My next is, research the company and finds its mission statement and
    funding...to check for unbiased reporting.

    Sans and Cert are now saying that IE is so bad and that its likely to
    get so much worse as pro virus and Trojan writers get really good that
    IE should not be used on the Internet.

    Here it shows quite clearly that with multiple critical IE
    vunerabilities viruses and trojans that can write to the systems
    registry that the security model of MS OS's are fundementally flawed.
    There is no getting round it, even if IE is rewritten from the ground
    up, its still on a shaky foundation.

    regards

    Thing



    Gurble wrote:
    > On Fri, 2 Jul 2004 00:57:02 +1200, "Max Burke" <>
    > wrote:
    >
    >
    >>Multiple Browsers Frame Injection Vulnerability
    >>http://secunia.com/advisories/11978/
    >>
    >>Secunia Advisory: SA11978
    >>Release Date: 2004-07-01
    >>

    >
    > An old and very minor "exploit". The phisher would have to know the
    > frame name of the site, so essentially would only work on a small
    > number of sites. You would need to have a *specific* trusted site
    > open, then happen to open another window containing the phishing site
    > (the specific one for the specific trusted site), then go back to the
    > original window, and not notice anything had changed.
    >
    > Realistically, calling this an "exploit" is a stretch.
    >
    > I also thought it was odd how they list a long list of browsers, then,
    > mentioned in one place further down the page, has:
    >
    > "The vulnerability also affects Internet Explorer:
    > SA11966"
    thing, Jul 1, 2004
    #5
  6. Max Burke

    AD. Guest

    On Thu, 01 Jul 2004 20:08:23 +0000, Ralph Fox wrote:

    > On Fri, 2 Jul 2004 00:57:02 +1200, in message
    > <OSTEc.5696$>, Max Burke wrote:
    >
    >> The following browsers are not affected: * Mozilla Firefox 0.9 for
    >> Windows
    >> * Mozilla Firefox 0.9.1 for Windows
    >> * Mozilla 1.7 for Windows
    >> * Mozilla 1.7 for Linux

    >
    >
    > Upgrade time!


    This is all just a conspiracy amongst those evil open source browser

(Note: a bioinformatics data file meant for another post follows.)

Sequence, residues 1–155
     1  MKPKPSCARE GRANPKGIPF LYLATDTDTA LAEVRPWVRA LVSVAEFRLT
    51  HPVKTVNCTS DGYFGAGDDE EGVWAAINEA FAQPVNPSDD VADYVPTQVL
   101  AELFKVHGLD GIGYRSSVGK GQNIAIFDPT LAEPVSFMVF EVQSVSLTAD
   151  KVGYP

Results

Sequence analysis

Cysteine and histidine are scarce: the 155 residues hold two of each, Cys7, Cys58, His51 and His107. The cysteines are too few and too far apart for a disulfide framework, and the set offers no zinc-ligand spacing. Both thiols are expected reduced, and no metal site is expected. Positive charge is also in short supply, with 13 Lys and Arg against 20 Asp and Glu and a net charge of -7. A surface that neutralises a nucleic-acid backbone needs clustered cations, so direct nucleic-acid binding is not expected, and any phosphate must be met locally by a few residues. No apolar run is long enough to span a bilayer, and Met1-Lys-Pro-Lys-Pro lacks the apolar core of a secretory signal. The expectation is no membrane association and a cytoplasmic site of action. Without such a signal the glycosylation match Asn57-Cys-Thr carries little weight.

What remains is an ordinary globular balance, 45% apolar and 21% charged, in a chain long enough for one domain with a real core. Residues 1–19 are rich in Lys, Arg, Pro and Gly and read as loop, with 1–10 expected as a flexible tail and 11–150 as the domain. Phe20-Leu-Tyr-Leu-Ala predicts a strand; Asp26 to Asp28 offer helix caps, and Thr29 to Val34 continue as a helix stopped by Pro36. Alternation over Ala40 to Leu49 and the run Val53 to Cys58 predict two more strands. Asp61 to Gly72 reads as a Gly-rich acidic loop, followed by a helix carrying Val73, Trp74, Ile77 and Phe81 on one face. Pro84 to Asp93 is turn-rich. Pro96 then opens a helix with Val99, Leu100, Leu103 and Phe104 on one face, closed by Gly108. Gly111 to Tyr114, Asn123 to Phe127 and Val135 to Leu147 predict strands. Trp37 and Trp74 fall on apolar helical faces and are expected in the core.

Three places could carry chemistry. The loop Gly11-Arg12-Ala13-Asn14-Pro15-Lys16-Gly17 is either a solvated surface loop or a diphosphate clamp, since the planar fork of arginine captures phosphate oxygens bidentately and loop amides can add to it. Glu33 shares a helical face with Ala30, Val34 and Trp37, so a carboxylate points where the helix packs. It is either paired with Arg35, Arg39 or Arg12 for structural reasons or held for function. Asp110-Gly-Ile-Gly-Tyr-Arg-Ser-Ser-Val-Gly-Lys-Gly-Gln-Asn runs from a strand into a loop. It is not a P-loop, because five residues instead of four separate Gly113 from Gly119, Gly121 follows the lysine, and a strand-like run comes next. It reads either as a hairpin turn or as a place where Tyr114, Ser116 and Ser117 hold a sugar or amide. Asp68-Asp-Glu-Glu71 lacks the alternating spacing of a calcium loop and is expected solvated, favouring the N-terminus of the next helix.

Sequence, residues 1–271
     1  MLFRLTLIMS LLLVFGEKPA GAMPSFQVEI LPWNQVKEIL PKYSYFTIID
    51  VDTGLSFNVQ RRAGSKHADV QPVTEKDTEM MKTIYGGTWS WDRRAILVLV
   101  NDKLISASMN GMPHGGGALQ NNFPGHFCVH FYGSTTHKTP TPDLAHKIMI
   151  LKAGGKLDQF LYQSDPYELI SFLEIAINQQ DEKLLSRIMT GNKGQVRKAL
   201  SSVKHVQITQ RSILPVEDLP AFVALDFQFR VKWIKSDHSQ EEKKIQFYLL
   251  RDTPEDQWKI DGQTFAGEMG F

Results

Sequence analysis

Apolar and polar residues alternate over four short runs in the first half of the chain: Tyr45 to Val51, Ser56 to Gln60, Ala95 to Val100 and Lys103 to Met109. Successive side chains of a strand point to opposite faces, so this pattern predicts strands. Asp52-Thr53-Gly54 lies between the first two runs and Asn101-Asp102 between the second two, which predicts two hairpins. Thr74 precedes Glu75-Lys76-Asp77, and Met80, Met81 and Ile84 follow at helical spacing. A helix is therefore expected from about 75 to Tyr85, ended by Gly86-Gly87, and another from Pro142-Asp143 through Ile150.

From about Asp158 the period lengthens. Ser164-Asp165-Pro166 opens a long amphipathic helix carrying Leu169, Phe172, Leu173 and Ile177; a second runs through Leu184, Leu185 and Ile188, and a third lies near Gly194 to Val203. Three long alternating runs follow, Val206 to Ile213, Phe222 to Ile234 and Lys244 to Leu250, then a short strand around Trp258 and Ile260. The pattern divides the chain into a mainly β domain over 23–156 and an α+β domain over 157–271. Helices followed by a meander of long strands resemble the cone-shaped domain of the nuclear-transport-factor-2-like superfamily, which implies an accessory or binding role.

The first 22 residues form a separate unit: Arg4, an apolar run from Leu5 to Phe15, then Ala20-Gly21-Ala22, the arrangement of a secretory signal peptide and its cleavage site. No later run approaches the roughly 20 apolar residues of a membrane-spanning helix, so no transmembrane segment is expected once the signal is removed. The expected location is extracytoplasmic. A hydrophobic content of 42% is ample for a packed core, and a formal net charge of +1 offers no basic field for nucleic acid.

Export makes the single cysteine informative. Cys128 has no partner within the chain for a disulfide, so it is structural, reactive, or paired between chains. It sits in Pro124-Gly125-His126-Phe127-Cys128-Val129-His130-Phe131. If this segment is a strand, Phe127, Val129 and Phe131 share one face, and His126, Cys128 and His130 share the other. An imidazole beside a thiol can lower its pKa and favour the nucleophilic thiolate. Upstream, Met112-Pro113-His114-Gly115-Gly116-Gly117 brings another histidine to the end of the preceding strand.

writers to force users to upgrade!!!

    :)

    Cheers
    Anton
    AD., Jul 1, 2004
    #6
  7. Gurble <> claimed:
    > You would need to have a *specific* trusted site
    > open, then happen to open another window containing the phishing site
    > (the specific one for the specific trusted site), then go back to the
    > original window, and not notice anything had changed.
    >
    > Realistically, calling this an "exploit" is a stretch.
    >


    I don't think -you- would need to open another window containing the
    phishing site, if the phisher had already uploaded a Trojan to either
    your trusted site, or an associated site you might have been likely to
    vist.

    think scob/berbew, or

    http://isc.sans.org/ handler's diary 30 June
    J.Random Luser, Jul 1, 2004
    #7
  8. In article <OSTEc.5696$>,
    "Max Burke" <> warned:

    > Multiple Browsers Frame Injection Vulnerability
    > http://secunia.com/advisories/11978/
    >


    Just tried the test -
    all those smug Mac weenies better think again
    Whatever Secunia's test does or does not do
    it fails Safari 1.2.2(v.125.7) on 10.3.4 (7H63)
    J.Random Luser, Jul 1, 2004
    #8
  9. Max Burke

    Gurble Guest

    On Fri, 02 Jul 2004 09:00:31 +1200, "J.Random Luser"
    <> wrote:

    >In article <OSTEc.5696$>,
    > "Max Burke" <> warned:
    >
    >> Multiple Browsers Frame Injection Vulnerability
    >> http://secunia.com/advisories/11978/
    >>

    >
    >Just tried the test -
    >all those smug Mac weenies better think again
    >Whatever Secunia's test does or does not do
    >it fails Safari 1.2.2(v.125.7) on 10.3.4 (7H63)


    And IE6 under WinXP (of course...).
    Gurble, Jul 2, 2004
    #9
    1. Advertising

Want to reply to this thread or ask your own question?

It takes just 2 minutes to sign up (and it's free!). Just click the sign up button to choose a username and then you can ask your own questions on the forum.
Similar Threads
  1. Replies:
    5
    Views:
    28,491
    James Harris
    Dec 27, 2005
  2. Dale

    Web Form Spammers / Email Injection Spamming

    Dale, Sep 15, 2005, in forum: Computer Security
    Replies:
    3
    Views:
    768
    Imhotep
    Sep 16, 2005
  3. Darren Green
    Replies:
    1
    Views:
    3,975
    parry26
    Feb 15, 2007
  4. jimmie
    Replies:
    1
    Views:
    680
    The-Wisest-One
    Feb 26, 2006
  5. Lawrence D'Oliveiro

    A lesson in SQL injection

    Lawrence D'Oliveiro, Oct 12, 2007, in forum: NZ Computing
    Replies:
    6
    Views:
    410
    Chris Lim
    Oct 15, 2007
Loading...

Share This Page